I have always been resistant to authority, leery of "experts," and closed off to unsolicited advice from musicians. I am self-taught in many ways, and I suppose I can be a bit of a snob when it comes to education. It's just that I recall one too many situations with guitar dudes giving me advice as a substitute for clever pickup lines and bored teachers in my public middle school getting through the day the way I used to drag myself through a 4 hour shift at my first job at the hosiery counter in J.C. Penneys. I just don't trust everyone to give me good advice.
But one day last year, I decided I needed help. I needed to find someone who could guide me through this tricky world we call the Music Industry. I needed a producer or a manager or just someone who would kick my ass and give it to me straight. I wanted to find someone with a genuine love of music and writing who could see my own very serious commitment as well. I found that person several months ago, and it has been life changing.
David and I spend several hours a week practicing and writing. He spends a lot of time talking, and I spend a lot of time listening. He tells me when the notes suck and when I lack feeling. He also tells me he believes in me and the music I have to share with the world. Being in this position has made me empathize more with my students. It is challenging to hear criticism, even if you get compliments as well, but if I want to grow and progress into the great musician and singer I know I can be, then I have to listen and trust.
Because of my work with David, I am now on a tight schedule that includes running, meditation, singing exercises, piano practice, guitar practice, diction, song interpretation, and writing. I only socialize on the weekends and by the end of the day I am falling asleep faster than ever before. I love it. I love the discipline and focus and I love feeling the flexibility increase in my vocal chords as I work to get back the range I once had from singing 1st Soprano in choirs for 8 years.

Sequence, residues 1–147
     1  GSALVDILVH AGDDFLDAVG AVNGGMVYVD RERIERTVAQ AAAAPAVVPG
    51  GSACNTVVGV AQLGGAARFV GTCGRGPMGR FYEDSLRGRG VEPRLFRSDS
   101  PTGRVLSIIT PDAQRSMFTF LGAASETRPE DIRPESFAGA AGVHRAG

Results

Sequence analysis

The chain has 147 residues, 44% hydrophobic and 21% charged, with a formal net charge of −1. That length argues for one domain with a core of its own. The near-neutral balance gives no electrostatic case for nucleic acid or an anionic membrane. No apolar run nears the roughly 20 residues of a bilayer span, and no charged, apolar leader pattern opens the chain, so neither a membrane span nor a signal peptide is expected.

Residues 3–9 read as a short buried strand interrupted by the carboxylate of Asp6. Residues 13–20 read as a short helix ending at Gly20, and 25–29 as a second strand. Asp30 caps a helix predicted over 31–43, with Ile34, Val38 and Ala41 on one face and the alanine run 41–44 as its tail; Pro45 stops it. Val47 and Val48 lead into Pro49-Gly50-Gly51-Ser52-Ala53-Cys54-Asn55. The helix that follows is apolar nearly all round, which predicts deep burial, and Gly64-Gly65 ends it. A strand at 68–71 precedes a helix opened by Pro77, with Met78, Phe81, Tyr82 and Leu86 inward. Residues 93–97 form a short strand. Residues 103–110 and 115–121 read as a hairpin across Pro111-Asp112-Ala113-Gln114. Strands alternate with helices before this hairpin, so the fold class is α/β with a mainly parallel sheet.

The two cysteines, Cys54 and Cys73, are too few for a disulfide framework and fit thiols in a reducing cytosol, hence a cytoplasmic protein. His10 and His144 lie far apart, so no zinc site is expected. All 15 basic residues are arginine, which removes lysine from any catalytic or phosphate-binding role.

The process has reminded me of what it is like to be a music student. I went to a public performing arts high school similar to the one in the movie and T.V. show, "Fame." We didn't have any bored J.C. Penney-worthy faculty at that school, and I loved being their student. I had the same kind of discipline then (better actually) as I do now. I remember spending each morning in the piano lab practicing for one hour before school, 3 hours of music classes scattered among my academic classes, and then after the final bell rang, it was off to a musical theatre rehearsal. I performed church solos several times a month, and I remember loving the life of a serious music student. I feel something similar these days.
It is comforting to trust someone else and become open to their wisdom. The process has made me respect the student's position more than I had before. I suppose I am beginning to better understand the role of a teacher, and therefore gaining a new respect for the way I make my living. A good teacher is someone who offers you wisdom without the influence of their ego, believes in you and what you are capable of accomplishing, and isn't afraid to push you when you are slacking in areas you know you can improve.
Becoming open to wisdom is making my life a little easier. David is a great teacher, and I am learning so much about patience, trust, and discipline. I have noticed that as I become more open to the wisdom in others, I begin to relax a little more about this life, and I begin to feel less alone in this world.